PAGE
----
We welcome you to share your views that patients should come before profits with the newspapers in the area by writing a letter to the editor to the The Plain Dealer or Sun News.

Dismissing these physicians without cause, merely to maximize hospital revenues, is the embodiment of the derangement of our system of health care finance. This was done without any semblance of due process. The livelihood and status of skilled professionals are being sacrificed to assure profitability; this is rapidly becoming the norm within our profit-driven system. As a result, it poses the gravest threat to professionalism and patient primacy. These issues would be greatly alleviated under a single-payer health financing system that places value on health outcomes, continuity of care, and quality.

Please join us in calling for the reinstatement of Dr. Randt, a longtime PNHP member, and his colleague and an end to health care practices that place the goals of profitability over the care of patients.

Health care for all,

Quentin Young, M.D.
National Coordinator, PNHP

Johnathon Ross, M.D.
Past-president, PNHP
State Coordinator, PNHP Ohio

Sunday, April 11, 2010

C Difficile Surpasses MRSA as the Leading Cause of Nosocomial Infections in Community Hospitals

Emma Hitt, PhD

March 23, 2010 (Atlanta, Georgia) — Hospital-onset healthcare-facility-associated Clostridium difficile infections (CDI) have increased in incidence and have surpassed methicillin-resistant Staphylococcus aureus (MRSA) infections, according to a new study of a large cohort of patients from community hospitals.

Becky A. Miller, MD, an infectious disease fellow from Duke University in Durham, North Carolina, presented the findings during an oral session here at the Fifth Decennial International Conference on Healthcare-Associated Infections 2010.

"This is the first time this has been described using patient-level data (i.e., with the number of cases as the numerator and the number of patient days as the denominator)," Dr. Miller told Medscape Infectious Diseases.

"We think this trend, particularly in community hospitals, would not have been captured without our large network of 39 hospitals where we perform infection control and surveillance," she said. "We were also unaware that cases of nosocomial C difficile infection had increased and surpassed MRSA."

The researchers performed a prospective cohort study in 28 community hospitals participating in the Duke Infection Control Outreach Network between January 2008 and December 2009.

The cohort consisted of 3,007,457 patient-days. Numerically, nosocomial CDI was the most common healthcare-associated infection (847 cases), followed closely by nosocomial bloodstream infection (838 cases).

Nosocomial infections due to MRSA and intensive care unit device-related infections were approximately equal, at 680 and 681 cases, respectively.

Patients with nosocomial CDI (n = 840) and nosocomial MRSA (n = 655) were equally likely to be male, and to have diabetes or end-stage renal disease requiring hemodialysis. However, patients who developed nosocomial CDI were, on average, older than patients who developed nosocomial MRSA infection (65 vs 59 years; P < .0001). In addition, time to infection was, on average, 8 days for CDI and 7 days for MRSA infection (P < .0001), and overall mortality was higher among patients with MRSA infection than CDI (P < .0001).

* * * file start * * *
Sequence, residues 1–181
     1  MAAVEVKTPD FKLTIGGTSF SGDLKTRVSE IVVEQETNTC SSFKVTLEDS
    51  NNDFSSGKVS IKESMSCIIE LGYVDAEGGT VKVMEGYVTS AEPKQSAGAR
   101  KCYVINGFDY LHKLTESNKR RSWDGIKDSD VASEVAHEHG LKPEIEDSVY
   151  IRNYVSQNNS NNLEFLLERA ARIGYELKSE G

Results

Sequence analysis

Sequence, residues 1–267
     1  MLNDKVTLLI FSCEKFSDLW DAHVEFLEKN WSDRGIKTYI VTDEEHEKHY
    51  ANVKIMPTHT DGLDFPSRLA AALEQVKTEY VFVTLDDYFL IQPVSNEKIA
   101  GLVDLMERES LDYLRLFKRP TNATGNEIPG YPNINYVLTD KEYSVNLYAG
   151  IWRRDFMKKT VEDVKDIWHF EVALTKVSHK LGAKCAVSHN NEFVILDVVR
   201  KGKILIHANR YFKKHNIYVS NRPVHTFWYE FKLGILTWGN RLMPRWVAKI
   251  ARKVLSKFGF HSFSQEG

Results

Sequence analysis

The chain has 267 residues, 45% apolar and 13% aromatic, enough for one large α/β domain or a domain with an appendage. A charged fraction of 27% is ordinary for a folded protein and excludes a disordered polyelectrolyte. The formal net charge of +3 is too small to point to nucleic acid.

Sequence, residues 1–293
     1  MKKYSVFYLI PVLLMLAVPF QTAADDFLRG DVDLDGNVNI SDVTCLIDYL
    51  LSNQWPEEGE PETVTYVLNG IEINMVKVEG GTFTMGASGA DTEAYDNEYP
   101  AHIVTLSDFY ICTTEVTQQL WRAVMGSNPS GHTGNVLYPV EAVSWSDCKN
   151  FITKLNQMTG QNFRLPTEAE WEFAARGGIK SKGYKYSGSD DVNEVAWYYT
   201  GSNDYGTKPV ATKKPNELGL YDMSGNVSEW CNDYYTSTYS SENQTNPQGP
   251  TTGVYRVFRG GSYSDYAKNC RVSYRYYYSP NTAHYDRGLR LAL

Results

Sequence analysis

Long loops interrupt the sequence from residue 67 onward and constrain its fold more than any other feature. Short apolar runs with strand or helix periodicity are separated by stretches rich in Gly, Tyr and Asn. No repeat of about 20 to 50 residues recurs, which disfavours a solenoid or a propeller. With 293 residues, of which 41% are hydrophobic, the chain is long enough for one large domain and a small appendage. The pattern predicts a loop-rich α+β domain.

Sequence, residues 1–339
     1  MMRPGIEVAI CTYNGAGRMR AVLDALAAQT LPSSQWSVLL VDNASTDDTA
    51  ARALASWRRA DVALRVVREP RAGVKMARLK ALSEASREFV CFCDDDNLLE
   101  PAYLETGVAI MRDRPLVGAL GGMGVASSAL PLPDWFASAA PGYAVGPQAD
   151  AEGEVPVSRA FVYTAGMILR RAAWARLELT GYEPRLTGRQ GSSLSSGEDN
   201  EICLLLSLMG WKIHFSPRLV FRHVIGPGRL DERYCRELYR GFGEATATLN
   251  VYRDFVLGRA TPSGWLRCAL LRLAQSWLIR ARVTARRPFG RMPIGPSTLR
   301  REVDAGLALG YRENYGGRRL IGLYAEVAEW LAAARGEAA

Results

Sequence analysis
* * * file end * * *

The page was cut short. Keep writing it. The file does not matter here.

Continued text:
The rate of nosocomial CDI was 0.28 cases per 1000 patient-days, whereas the rate of nosocomial MRSA infection was 0.23 cases per 1000 patient-days. Thus, nosocomial CDI occurred 25% more frequently than nosocomial MRSA infection.

Since 2007, rates of healthcare-associated MRSA infection have steadily decreased, whereas rates of CDI have increased, Dr. Miller said during her presentation.

According to Dr. Miller, C difficile spores are shed in stool, and these spores can persist in the hospital environment for months. "These infections are not being prevented by methods that are clearly working to prevent nosocomial infections due to MRSA," she said. She added that "we think that this study represents the tip of the iceberg, as we did not include nosocomial C difficile cases diagnosed after patients leave the hospital."

In another presentation on C difficile, researchers described a targeted strategy to eliminate C difficile using ultragermicidal bleach wipes. Robert Orenstein, DO, from the Mayo Clinic in Rochester, Minnesota, reported the findings here in a poster session.

"The beauty of this project was that implementation was relatively simple — it required putting together a committed team and emphasizing our goal of improving patient outcomes," Dr. Orenstein told Medscape Infectious Diseases.

The researchers targeted 2 units with a focused intervention of daily cleaning of all patient rooms with Clorox brand ultragermicidal bleach wipes containing 6.15% sodium hypochlorite, and cleaning after the patient had been discharged.

Cleaning was assessed by environmental services supervisors, and Clean-Trace technology was used. Patients and environmental services employees who cleaned the rooms responded to a survey regarding satisfaction and tolerance of the cleaning procedure.

Before the intervention was initiated, the incidence of CDI was 18.4 per 10,000 patient-days; after the intervention was initiated, the incidence was 3.76 per 10,000 patient-days, "far exceeding" their goal of a reduction in incidence of 30%, Dr. Orenstein said.